AEVR Hosts World Glaucoma Week Congressional Briefing entitled Advancements in Glaucoma Treatment: The Silent Thief of Sight
On March 15, the Alliance for Eye and Vision Research (AEVR) held its annual glaucoma Congressional Briefing recognizing World Glaucoma Week 2023. Entitled Advancements in Glaucoma: The Silent Thief of Sight, the event featured clinician and researcher, Sarah Wellik, MD, who serves as a Professor of Clinical Ophthalmology and Director of Glaucoma Service at UHealth Plantation at the Bascom Palmer Eye Institute, University of Miami Miller School of Medicine. The Congressional Briefing was supported by Alliance members representing all major glaucoma societies and research organizations, including Research to Prevent Blindness (RPB), the American Glaucoma Society (AGS), the Association for Research in Vision and Ophthalmology (ARVO), the BrightFocus Foundation, the Glaucoma Research Foundation (GRF), and the Optometric Glaucoma Society (OGS).
Dr. Wellik demonstrated how glaucoma presents in patients utilizing an illustration and the National Eye Institute’s Virtual Reality mobile app: NEI-VR See What I See which allowed attendees to better understand what glaucoma patients experience when compared to normal vision. Dr. Wellik went on to characterize glaucoma, which is the leading cause of preventable vision loss in the world, as a complex disease affecting the optic nerve resulting in loss of peripheral vision that leads to progressive tunneling of a patient’s vision that can lead to blindness.
Dr. Wellik highlighted that 1 in 50 people in the US, and 1 in 10 people over age 80 have glaucoma. Additionally, she shared that certain characteristics such as age, ethnicity, and high intraocular pressure (IOP) are associated with disease development. She highlighted that groups at highest risk include African Americans who are over four times more likely to experience glaucoma and 15 times more likely to lose vision from glaucoma than white Americans. Additionally, Hispanic Americans are two times more likely to have glaucoma. Others at higher risk for glaucoma include individuals over age 60 and those with a family history of the disease.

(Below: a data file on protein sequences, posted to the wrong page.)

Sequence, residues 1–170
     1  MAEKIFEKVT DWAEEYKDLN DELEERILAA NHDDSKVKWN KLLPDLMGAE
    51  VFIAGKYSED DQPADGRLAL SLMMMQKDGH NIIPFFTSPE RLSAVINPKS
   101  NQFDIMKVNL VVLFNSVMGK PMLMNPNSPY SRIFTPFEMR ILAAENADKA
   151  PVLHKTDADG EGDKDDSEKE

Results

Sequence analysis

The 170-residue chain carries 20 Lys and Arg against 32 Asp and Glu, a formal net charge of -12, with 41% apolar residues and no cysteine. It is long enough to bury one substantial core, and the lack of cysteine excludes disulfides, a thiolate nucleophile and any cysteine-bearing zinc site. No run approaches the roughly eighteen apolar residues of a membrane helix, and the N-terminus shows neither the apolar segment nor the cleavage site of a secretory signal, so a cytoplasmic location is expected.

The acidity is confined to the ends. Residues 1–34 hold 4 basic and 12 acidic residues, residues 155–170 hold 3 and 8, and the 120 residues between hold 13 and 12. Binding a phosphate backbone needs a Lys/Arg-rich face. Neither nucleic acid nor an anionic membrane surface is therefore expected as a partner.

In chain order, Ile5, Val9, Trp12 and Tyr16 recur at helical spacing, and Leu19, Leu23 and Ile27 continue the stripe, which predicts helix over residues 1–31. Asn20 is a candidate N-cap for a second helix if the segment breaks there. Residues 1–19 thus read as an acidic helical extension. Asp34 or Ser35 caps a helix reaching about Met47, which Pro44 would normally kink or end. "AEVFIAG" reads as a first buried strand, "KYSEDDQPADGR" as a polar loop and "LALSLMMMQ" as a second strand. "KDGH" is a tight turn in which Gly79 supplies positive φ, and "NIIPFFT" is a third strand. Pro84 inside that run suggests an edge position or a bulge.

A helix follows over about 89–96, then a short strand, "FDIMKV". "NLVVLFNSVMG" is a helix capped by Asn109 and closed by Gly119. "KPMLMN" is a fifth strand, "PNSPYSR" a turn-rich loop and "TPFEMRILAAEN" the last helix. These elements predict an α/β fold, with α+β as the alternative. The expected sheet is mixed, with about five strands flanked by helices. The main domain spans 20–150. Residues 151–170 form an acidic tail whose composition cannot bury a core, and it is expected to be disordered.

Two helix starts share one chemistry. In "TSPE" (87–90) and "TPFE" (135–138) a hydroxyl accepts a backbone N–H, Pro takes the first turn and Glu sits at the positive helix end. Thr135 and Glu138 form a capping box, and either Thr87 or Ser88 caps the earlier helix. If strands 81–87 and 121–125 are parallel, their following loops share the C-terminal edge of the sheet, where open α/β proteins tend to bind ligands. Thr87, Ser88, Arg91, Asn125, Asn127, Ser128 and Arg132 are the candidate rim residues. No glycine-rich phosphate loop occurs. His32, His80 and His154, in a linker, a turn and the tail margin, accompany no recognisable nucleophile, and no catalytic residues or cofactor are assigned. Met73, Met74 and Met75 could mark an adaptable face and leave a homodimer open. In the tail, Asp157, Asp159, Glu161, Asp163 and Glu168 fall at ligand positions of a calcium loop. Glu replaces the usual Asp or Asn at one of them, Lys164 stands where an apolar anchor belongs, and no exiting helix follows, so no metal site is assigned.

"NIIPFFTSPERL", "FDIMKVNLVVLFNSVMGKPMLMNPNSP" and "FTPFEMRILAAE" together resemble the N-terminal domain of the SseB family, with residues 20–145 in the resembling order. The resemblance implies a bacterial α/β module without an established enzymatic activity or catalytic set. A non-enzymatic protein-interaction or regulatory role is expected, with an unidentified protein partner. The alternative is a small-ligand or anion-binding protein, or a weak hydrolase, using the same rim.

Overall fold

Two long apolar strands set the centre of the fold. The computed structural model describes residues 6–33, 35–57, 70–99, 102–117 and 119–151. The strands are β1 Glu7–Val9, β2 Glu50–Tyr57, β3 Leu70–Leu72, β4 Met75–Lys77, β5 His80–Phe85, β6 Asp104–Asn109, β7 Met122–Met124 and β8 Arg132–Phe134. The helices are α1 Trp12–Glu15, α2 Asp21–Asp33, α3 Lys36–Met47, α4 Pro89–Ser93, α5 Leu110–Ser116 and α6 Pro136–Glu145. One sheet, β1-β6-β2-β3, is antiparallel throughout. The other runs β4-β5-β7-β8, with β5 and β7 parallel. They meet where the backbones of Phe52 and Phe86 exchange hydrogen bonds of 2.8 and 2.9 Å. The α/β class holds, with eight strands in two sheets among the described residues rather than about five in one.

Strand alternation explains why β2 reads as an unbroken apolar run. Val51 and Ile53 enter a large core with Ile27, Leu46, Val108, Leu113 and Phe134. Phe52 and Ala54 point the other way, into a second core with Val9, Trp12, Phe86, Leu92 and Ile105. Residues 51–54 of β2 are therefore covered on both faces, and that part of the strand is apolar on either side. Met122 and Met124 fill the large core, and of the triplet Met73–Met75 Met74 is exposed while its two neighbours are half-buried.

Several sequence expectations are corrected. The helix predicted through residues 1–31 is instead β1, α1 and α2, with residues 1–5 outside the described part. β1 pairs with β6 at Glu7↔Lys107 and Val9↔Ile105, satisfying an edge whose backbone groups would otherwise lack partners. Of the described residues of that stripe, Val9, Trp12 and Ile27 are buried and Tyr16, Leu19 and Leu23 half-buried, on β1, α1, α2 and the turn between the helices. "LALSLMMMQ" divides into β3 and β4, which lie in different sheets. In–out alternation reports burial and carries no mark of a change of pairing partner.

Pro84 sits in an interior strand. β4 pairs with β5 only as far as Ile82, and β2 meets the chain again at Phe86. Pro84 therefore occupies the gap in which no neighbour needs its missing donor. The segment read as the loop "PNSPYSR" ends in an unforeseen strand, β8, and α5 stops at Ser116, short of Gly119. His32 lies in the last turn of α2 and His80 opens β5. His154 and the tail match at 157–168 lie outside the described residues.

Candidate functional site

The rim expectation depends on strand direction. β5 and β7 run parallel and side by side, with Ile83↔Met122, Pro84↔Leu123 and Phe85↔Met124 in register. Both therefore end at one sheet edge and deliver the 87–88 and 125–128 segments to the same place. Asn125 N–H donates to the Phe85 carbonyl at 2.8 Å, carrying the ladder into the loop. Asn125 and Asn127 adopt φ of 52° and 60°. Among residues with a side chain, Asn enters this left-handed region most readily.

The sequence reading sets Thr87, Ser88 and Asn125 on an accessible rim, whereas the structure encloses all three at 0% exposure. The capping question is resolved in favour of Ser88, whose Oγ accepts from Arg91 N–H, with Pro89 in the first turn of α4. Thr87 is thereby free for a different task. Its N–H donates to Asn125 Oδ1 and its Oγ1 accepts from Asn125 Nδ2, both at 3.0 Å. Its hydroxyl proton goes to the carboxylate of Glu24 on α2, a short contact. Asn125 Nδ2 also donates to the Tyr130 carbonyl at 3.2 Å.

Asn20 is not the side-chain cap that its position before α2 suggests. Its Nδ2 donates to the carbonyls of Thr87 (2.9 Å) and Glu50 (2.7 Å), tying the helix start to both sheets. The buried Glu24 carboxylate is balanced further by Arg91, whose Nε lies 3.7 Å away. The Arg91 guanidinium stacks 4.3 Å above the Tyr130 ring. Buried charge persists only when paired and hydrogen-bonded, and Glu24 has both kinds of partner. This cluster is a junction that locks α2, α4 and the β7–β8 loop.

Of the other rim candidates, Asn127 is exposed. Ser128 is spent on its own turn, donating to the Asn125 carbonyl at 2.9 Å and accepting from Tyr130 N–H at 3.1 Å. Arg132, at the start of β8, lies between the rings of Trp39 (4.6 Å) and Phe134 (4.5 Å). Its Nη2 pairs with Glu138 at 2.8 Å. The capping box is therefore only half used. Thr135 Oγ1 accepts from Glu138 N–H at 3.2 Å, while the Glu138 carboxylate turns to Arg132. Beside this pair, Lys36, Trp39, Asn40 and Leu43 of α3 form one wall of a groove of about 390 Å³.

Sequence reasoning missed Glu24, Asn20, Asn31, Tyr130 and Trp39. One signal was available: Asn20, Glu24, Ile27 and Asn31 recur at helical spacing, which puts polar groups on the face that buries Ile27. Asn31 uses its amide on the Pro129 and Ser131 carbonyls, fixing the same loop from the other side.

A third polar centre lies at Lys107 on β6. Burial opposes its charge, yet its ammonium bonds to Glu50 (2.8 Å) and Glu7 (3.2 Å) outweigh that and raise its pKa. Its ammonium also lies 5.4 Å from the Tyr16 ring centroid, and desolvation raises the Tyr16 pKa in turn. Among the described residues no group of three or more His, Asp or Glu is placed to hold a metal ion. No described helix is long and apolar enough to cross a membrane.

Highlighting the value of NEI-funded research, Dr. Wellik shared that advancements in the treatment of glaucoma include pressure-reducing therapies in the form of eye drops to help eye fluid drain more effectively or lessen fluid production. In addition to therapeutic eye drop regimens, glaucoma is also treated through traditional and minimally invasive surgical techniques, including laser surgery that can help reduce fluid pressure and conventional surgery using stents to help drain fluid out of the eye, resulting in lower interocular pressure.
Dr. Wellik highlighted that new treatment research is focused on lowering pressure inside the eye, finding medications to protect and preserve the optic nerve from the damage that causes vision loss, and the role of genetic factors. She highlighted her own research and the potential for big data and artificial intelligence (AI) to improve diagnosis and identify those at greatest risk for disease progression and blindness. Dr. Wellik also highlighted the National Eye Institute’s (NEI) five-year strategic plan which prioritizes glaucoma and optic neuropathies among other vision conditions and how factors like genetics, neuroscience, immune system, regenerative medicine, data science, quality of life, and disparities research all play significant roles with glaucoma.
Dr. Wellik concluded by encouraging attendees to recognize glaucoma as a public health concern and priority among healthcare planners and policymakers with an emphasis on early detection and treatment to prevent blindness.
In addition to speaking at the Briefing, in NAEVR-hosted visits, Dr. Wellik also visited her Florida Senators, with her Congresswoman, Representative Wasserman-Shultz (D-FL), looking to schedule an in-district meeting following her visit to Washington, D.C.
Dr. Wellik met with Jared Honts, office of Senator Rick Scott (R-FL) who indicated Senator Scott’s support for NIH and indicated that they intend to sign the support letter for NIH this year. Dr. Wellik also met with Nicole Wright, office of Senator Marco Rubio (R-FL) who indicated the Senator’s support for NIH and who expressed that her own family has an extensive history of glaucoma and was supportive of the work Dr. Wellik is doing and understood the value of NEI-funded research.
About World Glaucoma Week 2023
The first World Glaucoma Day was held on March 6, 2008, and the United States House of Representatives passed H.R. 981, which recognized the event and supported the NEI’s efforts to research the causes of and treatments for glaucoma. Since 2010, the day has expanded into a week of educational events held worldwide.